Surely Martin Luther was right to say that there is no greater sinner than the church. It was, after all, the professed church that crucified the Lord of glory. Impossible as it seems, she was so theologically and spiritually corrupt that she thought she was serving God by putting the Son of God to death. And in the same blindness and stupidity, she has done similar things times without number. She has forsaken the Word of God and put obstacles in the way of her people’s reverence for the Bible; she has made peace with the unbelieving world around her; and she has persecuted those who have had the temerity to draw attention to her infidelity. It is one of the deep mysteries of divine providence that the visible church of the Lord Jesus Christ is not more impressive than she is.
It takes faith to love, admire, and respect the church. Her sins mount up before our eyes. But faith knows that the church’s failures are hardly the whole story. Augustine once said in a sermon that he had nowhere found better men and nowhere found worse than in monasteries. The same is true of the church at large, where despicable traitors and sterling saints jostle together. For all her failures — and they make for dismal reading — there is nothing like her in the world. As Archbishop William Temple once observed, the church is “the only cooperative society in the world that exists for the benefit of its non-members.” The church has done great things for the world. Anyone who reads church history knows how many exceptional people have belonged to her through the ages. The church’s hall of heroes must be very large indeed to have room for all who deserve to be remembered there. In addition, there are vast multitudes of simple people who lived in obscurity but who loved the Lord and lived lives of genuine faithfulness. Heaven knows their worth.
What Blaise Pascal said of the Word of God could just as well be said of the church of Jesus Christ: “There is enough brightness to illuminate the elect, and enough obscurity to humble them.” But then, we do not have to prove the church’s worth. The Lord Jesus has already done that by telling us that the church is His body, that He loved the church and gave Himself for her, that she is His bride, that He is head over all things for the church, and that He will not permit the gates of hell to prevail against her. Christians are duty-bound to think about things as their Lord and Savior does, and He has told us that the church is and remains the apple of His eye.
We must remember that there is but one institution in this world that will also exist in the world to come. It is not one’s country; it is not even one’s family. It is the church of God. It is disloyalty to Christ not to revere, serve, and prove loyal to His kingdom, His house, and His body, which is to say, His church.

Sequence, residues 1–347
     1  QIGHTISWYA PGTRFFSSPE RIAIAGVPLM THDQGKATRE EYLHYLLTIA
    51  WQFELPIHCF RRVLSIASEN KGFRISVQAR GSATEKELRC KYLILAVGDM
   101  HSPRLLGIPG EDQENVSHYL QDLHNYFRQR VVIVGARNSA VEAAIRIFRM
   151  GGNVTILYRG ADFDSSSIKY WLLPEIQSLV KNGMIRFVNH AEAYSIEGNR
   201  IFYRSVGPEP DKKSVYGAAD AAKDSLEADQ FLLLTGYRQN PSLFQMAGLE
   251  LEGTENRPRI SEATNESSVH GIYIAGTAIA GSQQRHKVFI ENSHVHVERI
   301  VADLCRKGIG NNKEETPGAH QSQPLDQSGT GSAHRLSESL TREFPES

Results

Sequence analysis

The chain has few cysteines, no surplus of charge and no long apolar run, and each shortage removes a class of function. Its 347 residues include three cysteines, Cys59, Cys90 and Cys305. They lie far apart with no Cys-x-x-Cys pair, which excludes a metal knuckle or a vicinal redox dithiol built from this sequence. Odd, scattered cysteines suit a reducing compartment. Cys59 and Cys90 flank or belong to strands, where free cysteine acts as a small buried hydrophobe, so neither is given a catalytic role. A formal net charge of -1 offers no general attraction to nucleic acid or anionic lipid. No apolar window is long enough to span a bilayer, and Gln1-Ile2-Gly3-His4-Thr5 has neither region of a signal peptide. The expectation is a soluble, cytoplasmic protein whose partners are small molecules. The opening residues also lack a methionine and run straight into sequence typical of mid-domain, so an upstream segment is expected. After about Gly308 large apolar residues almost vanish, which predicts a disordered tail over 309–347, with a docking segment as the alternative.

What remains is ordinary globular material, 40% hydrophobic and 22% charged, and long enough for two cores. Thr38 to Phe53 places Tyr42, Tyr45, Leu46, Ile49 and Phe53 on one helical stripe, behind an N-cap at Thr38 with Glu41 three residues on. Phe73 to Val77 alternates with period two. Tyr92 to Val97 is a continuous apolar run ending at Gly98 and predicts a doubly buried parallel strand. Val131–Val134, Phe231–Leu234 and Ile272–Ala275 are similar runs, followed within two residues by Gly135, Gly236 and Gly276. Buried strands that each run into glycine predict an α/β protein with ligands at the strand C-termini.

Read The Psalms In "1" Year
Psalm 85Revive Us Again
85 To The Choirmaster: A Psalm Of The Sons Of Korah.
1 LORD, you were favorable to your land;
you restored the fortunes of Jacob.
2 You forgave the iniquity of your people;
you covered all their sin. Selah
3 You withdrew all your wrath;
you turned from your hot anger.
4 Restore us again, O God of our salvation,
and put away your indignation toward us!
5 Will you be angry with us forever?
Will you prolong your anger to all generations?
6 Will you not revive us again,
that your people may rejoice in you?
7 Show us your steadfast love, O LORD,
and grant us your salvation.
8 Let me hear what God the LORD will speak,
for he will speak peace to his people, to his saints;
but let them not turn back to folly.
9 Surely his salvation is near to those who fear him,
that glory may dwell in our land.
10 Steadfast love and faithfulness meet;
righteousness and peace kiss each other.
11 Faithfulness springs up from the ground,
and righteousness looks down from the sky.
12 Yes, the LORD will give what is good,
and our land will yield its increase.
13 Righteousness will go before him
and make his footsteps a way.
The Good News
By R.C. Sproul Jr. 2/1/2009
I’ve got great news — I just saved a bundle on my car insurance. This pop-cultural punchline might just expose a real problem we have in our Christian sub-culture: we don’t know what the good news is.
The confusion, from one perspective, is understandable. God is good. God is gracious. We move from grace to grace, receiving gifts from Him all the time. God is in turn sovereign. He controls all things. When He tells us, therefore, that all things work together for good for those who love Him, who have been called according to His purpose (Rom. 8:28), we can learn that it’s all good news. His coming, that’s good news. His dying, that’s good news. His ascending, that’s good news. His sending the Spirit, that’s good news. The Spirit applying all these things to His people, that’s good news. Even the trials we go through here and now, they are good news as well. We are, after all, to count it all joy.